According to the Vice Chairman of the Conference of Presidents of Major American Jewish Organizations, Malcolm Hoenlein, “Khalilzad is considered to have a positive attitude towards Israel and the U.S.-Israel relationship.” Hoenlein, whose umbrella organization is the central coordinating body for 50 national Jewish organizations, said he expects Khalilzad to maintain the U.S.’s current policies on Israel.
He added that Khalilzad’s background may also be a plus for the both the U.S. and Israel in the world body. “Having a Muslim ambassador may help improve communication with some member states at the U.N.,” he said. But the final word on the American agenda remains in the hands of the President, he added, saying, “I don’t see any major shift in U.S.-Israel policy.”
Khalilzad’s appointment was also met with positive reactions from officials at the American Israel Public Affairs Committee (AIPAC), who said they “look forward to working with him.”
The Bush administration is going through a number of personnel changes at present. John Negroponte, until now the director of National Intelligence, is moving over to take the number two spot at the State Department as deputy to U.S. Secretary of State Condoleezza Rice. Prior to his stint as intelligence chief, Negroponte served as U.S. Ambassador to the U.N.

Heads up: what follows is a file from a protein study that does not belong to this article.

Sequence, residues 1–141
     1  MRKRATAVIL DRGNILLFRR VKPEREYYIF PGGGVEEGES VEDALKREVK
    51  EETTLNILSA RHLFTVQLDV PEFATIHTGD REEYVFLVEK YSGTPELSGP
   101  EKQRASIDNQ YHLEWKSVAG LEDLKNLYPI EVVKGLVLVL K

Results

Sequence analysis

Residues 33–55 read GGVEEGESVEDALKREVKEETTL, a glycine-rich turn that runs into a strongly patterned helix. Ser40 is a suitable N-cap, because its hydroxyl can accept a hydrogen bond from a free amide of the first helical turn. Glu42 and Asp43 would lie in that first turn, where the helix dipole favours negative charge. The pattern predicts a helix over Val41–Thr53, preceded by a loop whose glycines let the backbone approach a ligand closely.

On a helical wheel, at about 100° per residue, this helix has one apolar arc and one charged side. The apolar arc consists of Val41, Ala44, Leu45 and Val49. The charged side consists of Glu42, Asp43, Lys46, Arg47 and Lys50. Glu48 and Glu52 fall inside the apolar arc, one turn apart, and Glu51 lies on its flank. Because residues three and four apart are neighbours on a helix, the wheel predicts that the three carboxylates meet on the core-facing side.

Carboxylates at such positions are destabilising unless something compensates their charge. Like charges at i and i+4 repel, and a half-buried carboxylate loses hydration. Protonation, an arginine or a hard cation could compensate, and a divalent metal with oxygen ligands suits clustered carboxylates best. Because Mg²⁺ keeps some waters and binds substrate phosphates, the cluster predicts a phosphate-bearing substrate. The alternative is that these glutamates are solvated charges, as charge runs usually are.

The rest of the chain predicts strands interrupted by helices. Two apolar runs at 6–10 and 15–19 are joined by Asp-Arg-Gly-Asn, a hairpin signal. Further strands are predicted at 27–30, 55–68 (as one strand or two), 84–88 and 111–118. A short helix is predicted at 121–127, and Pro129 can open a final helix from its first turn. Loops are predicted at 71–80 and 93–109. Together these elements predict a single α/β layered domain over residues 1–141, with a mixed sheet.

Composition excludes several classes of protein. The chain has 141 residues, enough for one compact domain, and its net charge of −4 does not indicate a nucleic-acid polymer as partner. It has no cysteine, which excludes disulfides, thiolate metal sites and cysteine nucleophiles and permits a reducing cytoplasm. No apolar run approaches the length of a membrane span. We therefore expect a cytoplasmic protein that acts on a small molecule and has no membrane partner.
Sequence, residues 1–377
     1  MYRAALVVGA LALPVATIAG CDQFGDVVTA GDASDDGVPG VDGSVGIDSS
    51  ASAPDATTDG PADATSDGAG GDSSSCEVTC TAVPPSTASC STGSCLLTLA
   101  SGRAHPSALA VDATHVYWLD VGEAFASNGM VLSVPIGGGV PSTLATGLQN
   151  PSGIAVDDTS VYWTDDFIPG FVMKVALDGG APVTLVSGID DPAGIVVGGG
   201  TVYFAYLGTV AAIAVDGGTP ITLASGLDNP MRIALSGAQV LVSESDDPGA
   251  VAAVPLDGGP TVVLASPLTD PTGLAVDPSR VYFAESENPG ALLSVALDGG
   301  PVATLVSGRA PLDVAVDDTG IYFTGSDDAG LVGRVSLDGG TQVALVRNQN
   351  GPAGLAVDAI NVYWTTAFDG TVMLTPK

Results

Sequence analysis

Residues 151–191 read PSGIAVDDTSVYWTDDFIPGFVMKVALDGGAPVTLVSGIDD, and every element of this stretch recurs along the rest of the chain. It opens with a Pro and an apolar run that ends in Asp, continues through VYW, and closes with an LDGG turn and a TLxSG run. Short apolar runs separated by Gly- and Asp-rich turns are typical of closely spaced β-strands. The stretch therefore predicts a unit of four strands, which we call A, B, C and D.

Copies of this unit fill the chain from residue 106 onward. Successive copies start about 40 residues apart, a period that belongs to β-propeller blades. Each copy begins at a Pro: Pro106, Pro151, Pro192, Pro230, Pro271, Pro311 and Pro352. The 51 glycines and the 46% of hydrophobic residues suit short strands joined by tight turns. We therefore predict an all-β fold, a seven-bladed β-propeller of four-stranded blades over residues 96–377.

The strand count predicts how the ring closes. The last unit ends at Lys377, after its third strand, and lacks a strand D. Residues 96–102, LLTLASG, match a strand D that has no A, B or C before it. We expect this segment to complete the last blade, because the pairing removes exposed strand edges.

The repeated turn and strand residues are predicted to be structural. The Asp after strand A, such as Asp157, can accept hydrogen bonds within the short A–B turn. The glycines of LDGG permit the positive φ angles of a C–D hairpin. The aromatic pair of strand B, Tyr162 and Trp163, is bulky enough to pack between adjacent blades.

The international executive vice president of the Bnai Brith organization, Dan Mariaschin, spoke warmly about Negroponte’s tenure in the U.N. when commenting on Khalilzad’s appointment, saying he hoped the new ambassador would continue the “Negroponte doctrine” at the world body. Mariaschin was referring to Negroponte’s policy of vetoing one-sided anti-Israel resolutions presented in the U.N. Security Council.
Khalilzad’s immediate predecessor, John Bolton, was not approved by the U.S. Senate to continue in the post due to his criticism of the U.N. and strong ideological convictions. Bolton was a staunch supporter of Israel and his loss has some Jewish leaders worried.
“Not having John Bolton at the U.N. will be a change. You could see a different kind of advocacy there,” said one unnamed Jewish leader who asked not to be identified. “For John Bolton, support for Israel was a major concern. For others it might be less of a priority.”
Khalilzad, a Sunni Muslim, currently serves as the U.S. Ambassador to Iraq, a position he took up after serving in the same role in Afghanistan, where he was born. Khalilzad studied at the American University of Beirut and the University of Chicago. He must still be confirmed by the Senate in order to formally take up his new post.